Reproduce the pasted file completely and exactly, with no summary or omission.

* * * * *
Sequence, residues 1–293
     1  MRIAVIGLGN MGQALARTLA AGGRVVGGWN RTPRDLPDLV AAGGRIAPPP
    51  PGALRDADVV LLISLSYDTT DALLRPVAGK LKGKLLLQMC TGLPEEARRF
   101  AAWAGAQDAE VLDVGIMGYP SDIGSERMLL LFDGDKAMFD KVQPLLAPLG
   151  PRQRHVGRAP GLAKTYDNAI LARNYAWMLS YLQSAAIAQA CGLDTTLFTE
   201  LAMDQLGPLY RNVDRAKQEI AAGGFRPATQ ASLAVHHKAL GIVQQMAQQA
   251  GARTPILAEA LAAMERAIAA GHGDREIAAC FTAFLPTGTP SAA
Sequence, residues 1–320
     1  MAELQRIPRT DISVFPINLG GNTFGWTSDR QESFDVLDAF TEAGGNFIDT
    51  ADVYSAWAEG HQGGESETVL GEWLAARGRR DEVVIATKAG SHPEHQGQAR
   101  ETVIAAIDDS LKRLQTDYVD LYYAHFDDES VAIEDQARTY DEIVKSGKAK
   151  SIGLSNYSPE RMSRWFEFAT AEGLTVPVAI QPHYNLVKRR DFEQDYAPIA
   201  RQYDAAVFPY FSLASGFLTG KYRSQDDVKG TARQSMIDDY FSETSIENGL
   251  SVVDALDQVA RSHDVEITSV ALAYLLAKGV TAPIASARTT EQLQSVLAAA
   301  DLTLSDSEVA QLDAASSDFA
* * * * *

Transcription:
Sequence, residues 1–293
     1  MRIAVIGLGN MGQALARTLA AGGRVVGGWN RTPRDLPDLV AAGGRIAPPP
    51  PGALRDADVV LLISLSYDTT DALLRPVAGK LKGKLLLQMC TGLPEEARRF
   101  AAWAGAQDAE VLDVGIMGYP SDIGSERMLL LFDGDKAMFD KVQPLLAPLG
   151  PRQRHVGRAP GLAKTYDNAI LARNYAWMLS YLQSAAIAQA CGLDTTLFTE
   201  LAMDQLGPLY RNVDRAKQEI AAGGFRPATQ ASLAVHHKAL GIVQQMAQQA
   251  GARTPILAEA LAAMERAIAA GHGDREIAAC FTAFLPTGTP SAA
Sequence, residues 1–320
     1  MAELQRIPRT DISVFPINLG GNTFGWTSDR QESFDVLDAF TEAGGNFIDT
    51  ADVYSAWAEG HQGGESETVL GEWLAARGRR DEVVIATKAG SHPEHQGQAR
   101  ETVIAAIDDS LKRLQTDYVD LYYAHFDDES VAIEDQARTY DEIVKSGKAK
   151  SIGLSNYSPE RMSRWFEFAT AEGLTVPVAI QPHYNLVKRR DFEQDYAPIA
   201  RQYDAAVFPY FSLASGFLTG KYRSQDDVKG TARQSMIDDY FSETSIENGL
   251  SVVDALDQVA RSHDVEITSV ALAYLLAKGV TAPIASARTT EQLQSVLAAA
   301  DLTLSDSEVA QLDAASSDFA